History (A Level)
"We are made by history" (Martin Luther King)
Head of Department: Mr C Rance
It may surprise you to know that history is always changing. Historians uncover new sources or view them in different ways. Many issues in the news have historical roots so that studying history will help you to understand the modern world. This makes it a lively and provocative subject to study, full of issues and arguments. If you’re interested in people and their lives in the past, then history is a good choice for you.
CURRICULUM INFORMATION (HISTORY)
WHAT WILL I BE STUDYING ON THE COURSE?
Module 1: Germany & West Germany 1918—1989
Module 2: The rise and fall of Fascism in Italy c 1911–1946
Module 3: Rebellion and Disorder under the Tudors 1485–1603
Module 4: Historical Interpretations coursework Assessment
WHAT WILL I BE DOING IN LESSONS?
The course is designed to be exciting and engaging. Throughout your A Level you will learn about a range of varied and intriguing topic areas that we hope will spark your interest in History. Your first year’s study of life in Germany will be complemented by studying Mussolini’s fascist dictatorship in Italy. In the second year there is a compulsory British Unit looking at the rebellions faced by the Tudor monarchs.
You will also get the opportunity to select a topic that interests you and undertake an independent historical enquiry; perhaps something that might have interested you throughout the course or a topic that you might have developed an interest in previously.
HOW WILL THE COURSE BE ASSESSED?
This is a linear A level course. In the second year of the course, you will take external exams that assess content covered in the first and second year. These exams (along with coursework) will determine your A level grade.
All history courses include one coursework unit and three examined units. The coursework will be an extended essay completed independently with some teacher guidance. This will require you to research a topic on your own using books and articles found in the library or from the online archive. The examination will require you to demonstrate a mixture of evidence and essay writing skills.
Paper 1: Breadth study with interpretations External written examination, 30% of A Level
Paper 2: Depth study External written examination, 20% of A Level
Paper 3: Themes in breadth, with aspects in depth External written examination, 30% of A Level
Paper 4: Coursework Internally assessed, externally moderated, 20% of A Level
WHICH OTHER SUBJECTS GO WELL WITH HISTORY?
Almost any combination is possible. Knowledge of philosophy, politics, religious studies, economics and literature can all be especially useful for the study of History. The most popular combinations are with English literature, politics, maths and psychology but there have also been many successful scientists taking the course in recent years.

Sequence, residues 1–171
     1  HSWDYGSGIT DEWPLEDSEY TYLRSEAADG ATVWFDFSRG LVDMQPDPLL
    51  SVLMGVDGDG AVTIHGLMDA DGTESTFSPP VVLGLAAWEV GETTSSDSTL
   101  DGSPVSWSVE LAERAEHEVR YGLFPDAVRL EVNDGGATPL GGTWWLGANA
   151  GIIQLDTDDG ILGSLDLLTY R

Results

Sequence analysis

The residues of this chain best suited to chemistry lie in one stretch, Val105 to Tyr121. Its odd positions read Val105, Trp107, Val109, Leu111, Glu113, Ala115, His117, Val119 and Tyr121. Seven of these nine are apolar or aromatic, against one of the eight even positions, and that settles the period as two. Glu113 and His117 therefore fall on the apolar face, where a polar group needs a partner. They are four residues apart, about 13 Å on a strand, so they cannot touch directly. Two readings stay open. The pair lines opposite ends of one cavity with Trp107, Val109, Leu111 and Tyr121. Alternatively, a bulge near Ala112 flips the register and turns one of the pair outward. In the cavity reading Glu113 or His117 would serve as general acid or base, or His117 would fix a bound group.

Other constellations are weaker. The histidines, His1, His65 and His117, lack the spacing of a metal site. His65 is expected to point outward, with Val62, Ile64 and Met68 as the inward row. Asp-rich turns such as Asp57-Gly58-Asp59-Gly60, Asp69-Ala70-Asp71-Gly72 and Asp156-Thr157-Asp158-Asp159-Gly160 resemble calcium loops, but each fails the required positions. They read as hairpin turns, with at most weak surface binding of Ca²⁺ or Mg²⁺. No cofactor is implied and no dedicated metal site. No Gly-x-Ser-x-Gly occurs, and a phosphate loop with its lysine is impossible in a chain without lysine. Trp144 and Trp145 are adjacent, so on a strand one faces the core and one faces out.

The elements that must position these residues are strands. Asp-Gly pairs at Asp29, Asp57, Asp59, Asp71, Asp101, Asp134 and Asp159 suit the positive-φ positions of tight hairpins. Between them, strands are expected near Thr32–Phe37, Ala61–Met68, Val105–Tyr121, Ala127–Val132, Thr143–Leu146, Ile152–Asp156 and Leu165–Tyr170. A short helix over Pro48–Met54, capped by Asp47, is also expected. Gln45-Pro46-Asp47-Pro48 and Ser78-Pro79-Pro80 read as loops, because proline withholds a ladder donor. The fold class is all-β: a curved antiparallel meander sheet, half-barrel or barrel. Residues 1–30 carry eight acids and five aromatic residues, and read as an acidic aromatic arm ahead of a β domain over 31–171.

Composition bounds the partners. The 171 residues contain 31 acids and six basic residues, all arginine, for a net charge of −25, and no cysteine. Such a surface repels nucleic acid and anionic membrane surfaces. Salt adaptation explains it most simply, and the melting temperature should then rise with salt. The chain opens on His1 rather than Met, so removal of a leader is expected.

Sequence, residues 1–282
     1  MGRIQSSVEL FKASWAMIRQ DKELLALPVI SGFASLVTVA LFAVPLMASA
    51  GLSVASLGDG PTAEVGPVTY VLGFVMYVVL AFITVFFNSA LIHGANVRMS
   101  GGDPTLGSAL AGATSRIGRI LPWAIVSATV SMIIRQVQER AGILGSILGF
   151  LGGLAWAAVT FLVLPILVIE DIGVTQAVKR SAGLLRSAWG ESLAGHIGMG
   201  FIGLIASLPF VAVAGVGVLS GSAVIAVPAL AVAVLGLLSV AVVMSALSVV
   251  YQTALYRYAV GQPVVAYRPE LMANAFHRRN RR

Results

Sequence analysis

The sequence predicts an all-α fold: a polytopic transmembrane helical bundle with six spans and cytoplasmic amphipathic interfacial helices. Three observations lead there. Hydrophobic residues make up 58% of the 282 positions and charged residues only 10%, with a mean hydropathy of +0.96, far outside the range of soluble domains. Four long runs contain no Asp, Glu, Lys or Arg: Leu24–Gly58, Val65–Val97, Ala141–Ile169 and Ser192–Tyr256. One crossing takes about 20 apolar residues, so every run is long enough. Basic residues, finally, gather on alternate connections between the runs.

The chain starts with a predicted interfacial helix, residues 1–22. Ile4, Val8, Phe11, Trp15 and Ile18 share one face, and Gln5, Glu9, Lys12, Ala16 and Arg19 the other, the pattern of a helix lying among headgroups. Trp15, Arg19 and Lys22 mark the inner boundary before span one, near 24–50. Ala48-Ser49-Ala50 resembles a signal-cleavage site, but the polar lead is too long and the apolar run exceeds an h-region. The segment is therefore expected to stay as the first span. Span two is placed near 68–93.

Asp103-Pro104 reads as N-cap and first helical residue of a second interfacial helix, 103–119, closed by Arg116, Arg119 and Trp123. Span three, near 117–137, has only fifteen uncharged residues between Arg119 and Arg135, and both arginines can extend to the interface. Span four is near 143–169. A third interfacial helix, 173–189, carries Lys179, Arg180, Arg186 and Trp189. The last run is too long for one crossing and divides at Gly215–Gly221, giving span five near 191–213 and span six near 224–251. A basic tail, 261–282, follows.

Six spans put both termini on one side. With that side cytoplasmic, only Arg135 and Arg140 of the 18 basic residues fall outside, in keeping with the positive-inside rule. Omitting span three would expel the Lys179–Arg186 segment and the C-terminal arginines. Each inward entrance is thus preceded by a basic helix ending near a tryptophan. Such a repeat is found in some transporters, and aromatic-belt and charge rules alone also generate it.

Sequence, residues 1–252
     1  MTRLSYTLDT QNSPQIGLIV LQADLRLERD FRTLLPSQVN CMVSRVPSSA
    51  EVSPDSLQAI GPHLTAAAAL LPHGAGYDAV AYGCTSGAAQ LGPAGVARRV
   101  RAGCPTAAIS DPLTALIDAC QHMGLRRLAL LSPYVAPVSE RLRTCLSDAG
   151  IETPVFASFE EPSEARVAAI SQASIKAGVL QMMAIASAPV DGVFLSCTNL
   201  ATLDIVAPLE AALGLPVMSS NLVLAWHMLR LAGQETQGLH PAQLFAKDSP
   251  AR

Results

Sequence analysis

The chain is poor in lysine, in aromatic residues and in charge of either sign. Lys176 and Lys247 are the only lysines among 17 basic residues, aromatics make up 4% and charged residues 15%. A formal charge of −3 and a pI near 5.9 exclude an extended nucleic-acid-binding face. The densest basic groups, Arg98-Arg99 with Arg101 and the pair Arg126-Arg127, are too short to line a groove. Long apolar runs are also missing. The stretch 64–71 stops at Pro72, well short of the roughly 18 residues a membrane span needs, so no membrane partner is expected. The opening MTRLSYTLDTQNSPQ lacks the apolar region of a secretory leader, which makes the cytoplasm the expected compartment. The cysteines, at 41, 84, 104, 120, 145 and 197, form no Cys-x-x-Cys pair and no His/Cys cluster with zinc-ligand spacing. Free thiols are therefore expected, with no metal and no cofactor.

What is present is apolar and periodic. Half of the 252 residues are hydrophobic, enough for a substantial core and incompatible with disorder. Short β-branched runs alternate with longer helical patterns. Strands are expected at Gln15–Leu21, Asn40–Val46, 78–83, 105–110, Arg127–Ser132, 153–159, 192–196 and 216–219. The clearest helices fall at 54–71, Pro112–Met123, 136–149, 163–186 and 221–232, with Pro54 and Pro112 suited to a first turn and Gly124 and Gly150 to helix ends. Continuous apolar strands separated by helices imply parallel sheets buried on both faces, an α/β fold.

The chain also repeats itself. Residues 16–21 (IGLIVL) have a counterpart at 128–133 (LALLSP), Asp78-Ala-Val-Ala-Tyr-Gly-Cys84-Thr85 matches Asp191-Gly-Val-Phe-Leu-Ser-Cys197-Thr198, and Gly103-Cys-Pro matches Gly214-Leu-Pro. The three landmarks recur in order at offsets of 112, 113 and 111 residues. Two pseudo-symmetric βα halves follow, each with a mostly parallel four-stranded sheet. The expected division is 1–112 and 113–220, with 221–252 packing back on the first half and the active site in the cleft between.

AND AFTER THE COURSE?
If you study History here at Gumley House, you will be studying a firmly established and respected academic subject. It is accepted by all higher education establishments as a suitable qualification for a wide variety of degree courses. Many universities and employers appreciate how History develops your skills of analysis and evaluation. We will also teach you to deal with conflicting data as well as strengthen your communication skills through debate. Our History students have gone on to be TV presenters, lawyers, accountants and work in business and government. It is also useful for those considering a range of careers such as management, the police, research, banking, the media teaching, and museum and archive work. The world is your oyster with History!
WHICH EMPLOYABILITY SKILLS WILL I LEARN?
- Whilst undertaking your coursework and other research tasks, you will increasingly work independently
- You will learn about different social structures and increasingly be able to demonstrate political awareness and sensitivity
- You will have opportunities to resolve conflicts, negotiate and handle a wide range of complex situations and sources of information
- History will challenge your preconceived ideas and encourage you to become more self-aware of your aims and values
Q: Do I need to have studied history at GCSE?
A: No, it is not necessary to have studied History at GCSE if you want to study modern history at A level. However, if you have not studied GCSE history we would require your English language and literature grades to be at least a 6 if you would like to choose the subject at A Level.
Q: Is there coursework and if so how much is it worth in terms of grades?
A: History does still include coursework. This comprises a 4000 word essay on the causes of World War One which is completed mainly in the second year. It is worth 20% of the final grade.
Q: How much reading does history require?
A: This is a reading heavy subject that requires a lot of reading outside of lessons. If this is something that interests you or that you think you will find enjoyable then you will be well suited for the subject.
Q: How is history assessed?
A: Assessment is carried out primarily through essay writing.
Q: What are lessons like?
A: We try to keep the lessons as varied as possible. Lessons will usually require you to have done some pre-reading of material that will then be discussed in class. You would normally discuss your ideas with fellow classmates and the teacher to develop your understanding. Lessons might require some quiet reading or more interactive aspects working with other students. There will also usually be time to look at revision techniques or essay questions. Basically, there are lots of skills, ideas and concepts that we are constantly studying and discussing, so hopefully every lesson is a bit different.
HEAR FROM SOME OF OUR STUDENTS
CAREERS AND LABOUR MARKET INFORMATION
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